McAlister negotiations put on hold by Ravens

Team will wait until July to discuss long-term deal

March 15, 2003|By Jamison Hensley | Jamison Hensley,SUN STAFF

The Ravens' second week of free agency ended with much ado about nothing.

The team was drawing closer to signing cornerback Chris McAlister and offensive tackle Orlando Brown, but neither was locked up by day's end.

By not reaching an agreement by yesterday's league-mandated deadline, McAlister will carry the franchise tag for at least the next four months. The Ravens refuse to negotiate before July 15 because, under league rules, they would lose the right to assign the franchise tag to any other player for the length of McAlister's new deal.

"I was hopeful of getting it done [yesterday]," said Mitch Frankel, McAlister's agent. "Both sides worked in good faith. Maybe if we had another week or two, it could have gotten done."

The Ravens kept McAlister from becoming an unrestricted free agent last month by designating him as their franchise player.

To report to training camp at the end of July, McAlister would need to sign a contract, whether it's a long-term deal or the one-year tender on the table worth $5.9 million (franchise players receive the average salary of the top five paid at their positions.) If McAlister signs the tender, the Ravens still can renegotiate for a longer contract after July 15 without any penalty.

"All this means is that after the deadline in mid-July, we can start the process up again," Ravens coach Brian Billick said.

Team officials don't expect McAlister to report to any offseason functions. Since he is not currently under contract, he doesn't have to report to the team's workout program or minicamps.

Frankel, however, said McAlister has not determined whether he will skip the minicamps, and they likely will discuss the matter next week. But the agent indicated that McAlister is not considering holding out of training camp to protest the tag.

"Chris is working out right now and is ready and willing to accept the tag," Frankel said. "If there is no [long-term] agreement, I can't imagine him not being there the first day of training camp."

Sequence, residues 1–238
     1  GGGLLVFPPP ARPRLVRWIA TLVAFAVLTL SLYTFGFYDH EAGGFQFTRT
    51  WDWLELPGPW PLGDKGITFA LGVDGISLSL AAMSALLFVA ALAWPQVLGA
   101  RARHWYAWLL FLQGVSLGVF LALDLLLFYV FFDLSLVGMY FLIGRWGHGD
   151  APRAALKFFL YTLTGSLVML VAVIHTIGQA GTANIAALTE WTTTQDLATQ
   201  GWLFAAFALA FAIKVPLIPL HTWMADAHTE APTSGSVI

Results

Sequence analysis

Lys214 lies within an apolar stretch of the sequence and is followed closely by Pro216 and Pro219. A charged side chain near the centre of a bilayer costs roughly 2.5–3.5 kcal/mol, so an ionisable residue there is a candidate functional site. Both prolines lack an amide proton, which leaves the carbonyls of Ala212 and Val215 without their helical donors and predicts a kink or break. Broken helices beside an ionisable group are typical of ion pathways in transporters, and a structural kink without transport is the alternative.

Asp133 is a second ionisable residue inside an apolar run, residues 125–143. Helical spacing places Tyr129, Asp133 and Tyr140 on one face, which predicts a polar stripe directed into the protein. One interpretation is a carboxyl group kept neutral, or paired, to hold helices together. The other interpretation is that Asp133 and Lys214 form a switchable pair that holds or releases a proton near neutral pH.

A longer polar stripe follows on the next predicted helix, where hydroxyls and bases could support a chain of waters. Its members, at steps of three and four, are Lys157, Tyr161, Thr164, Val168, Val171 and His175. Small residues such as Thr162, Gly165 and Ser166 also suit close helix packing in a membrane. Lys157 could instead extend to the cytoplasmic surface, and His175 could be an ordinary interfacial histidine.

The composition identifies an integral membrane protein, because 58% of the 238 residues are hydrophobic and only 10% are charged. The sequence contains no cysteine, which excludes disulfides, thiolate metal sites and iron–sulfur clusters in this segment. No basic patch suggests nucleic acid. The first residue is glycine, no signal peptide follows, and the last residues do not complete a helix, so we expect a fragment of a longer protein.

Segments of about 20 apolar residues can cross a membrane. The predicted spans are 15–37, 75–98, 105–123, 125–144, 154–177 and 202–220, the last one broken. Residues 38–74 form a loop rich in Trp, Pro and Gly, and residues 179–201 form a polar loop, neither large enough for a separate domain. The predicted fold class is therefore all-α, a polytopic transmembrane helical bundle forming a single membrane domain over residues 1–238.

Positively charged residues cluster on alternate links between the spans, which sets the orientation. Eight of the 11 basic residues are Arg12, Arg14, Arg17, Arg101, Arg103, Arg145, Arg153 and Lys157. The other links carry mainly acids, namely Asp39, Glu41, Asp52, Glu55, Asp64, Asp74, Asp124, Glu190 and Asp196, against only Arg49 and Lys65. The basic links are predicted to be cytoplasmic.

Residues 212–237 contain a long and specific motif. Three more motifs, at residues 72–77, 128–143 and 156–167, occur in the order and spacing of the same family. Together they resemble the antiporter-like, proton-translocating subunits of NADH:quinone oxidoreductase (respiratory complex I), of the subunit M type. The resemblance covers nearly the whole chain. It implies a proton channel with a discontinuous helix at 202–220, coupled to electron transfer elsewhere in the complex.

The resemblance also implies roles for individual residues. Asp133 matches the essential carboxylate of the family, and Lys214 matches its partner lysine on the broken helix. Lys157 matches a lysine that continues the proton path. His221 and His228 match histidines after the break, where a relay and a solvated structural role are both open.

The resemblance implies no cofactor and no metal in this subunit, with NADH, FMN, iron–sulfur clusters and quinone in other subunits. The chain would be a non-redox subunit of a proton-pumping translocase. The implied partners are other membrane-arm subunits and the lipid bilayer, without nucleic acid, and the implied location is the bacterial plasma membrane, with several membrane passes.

While not coming to terms with McAlister was expected, the Ravens were somewhat surprised about the dragged-out negotiations with Brown.

The sides were close to agreeing in principle to a one-year, $1 million contract Thursday. But the deal is being held up by a small clause that the agent wants put in the contract.

Despite the delay, team officials remain confident about signing the 6-foot-7, 350-pound lineman and are not worried about another right tackle debacle. It was only 10 months ago when free-agent right tackle Marcus Spears backed out of an agreement in principle with the Ravens and signed with the Kansas City Chiefs.

The waiting game has carried over to the Ravens' quarterback and receiver situation.

The Ravens plan to address the quarterback and receiver positions in free agency and the draft, yet are in no rush to do so. They could add a receiver along the lines of Curtis Conway or Frank Sanders by the end of the month, but they could hold off on bringing in a veteran quarterback until as late as the beginning of June (the start of the second wave of free agency).

Billick, though, said the Ravens had been interested in acquiring quarterback Todd Bouman, who was traded from Minnesota to New Orleans on Thursday for a sixth-round pick. The Ravens were willing to give up a sixth-round pick for Bouman, but they asked for more time to evaluate the deal. The Vikings wanted the deal completed by that day and chose to send Bouman to the Saints.

The Bouman trade was only part of this week's thinning out of a weak free-agent quarterback pool. Kordell Stewart went to Chicago, Charlie Batch returned to Pittsburgh and Shane Matthews signed with Tampa Bay.

Now, the top available quarterbacks are perhaps former Tampa Bay backup Shaun King and ex-Bears starter Jim Miller. Veteran backups such as Cincinnati's Akili Smith and Miami's Ray Lucas could be pushed out into the market in June. Ex-Denver starter Brian Griese is expected to be released in June, but his agent said Griese would not consider the Ravens given the money they've budgeted for a free-agent quarterback ($1.5 million to $2 million per season).

At this point, the Ravens are banking on Chris Redman, who is two months removed from back surgery, to start at quarterback and Travis Taylor, their only receiver with more than one year of experience.

"Right now in free agency, the quick-fix, guaranteed, `You've got a stud at that position,' has passed," Billick said. "Now, there are guys that could be that, hold potential for that, but the league as a whole will not necessarily generate the opinion that, `OK, now they've got that position solved,' but there's going to be some of that as we move along. It's going to be at the right price as we move forward."

NOTES: The Ravens still have offers on the table for free-agent linebackers Cornell Brown and Bernardo Harris. There is a chance both could re-sign with the team as early as next week. ... The Ravens haven't become an active player in trying to bring back Sam Adams, but they are monitoring the defensive tackle's negotiations with Buffalo. If talks break down with the Bills, the Ravens could make their way back into the picture.

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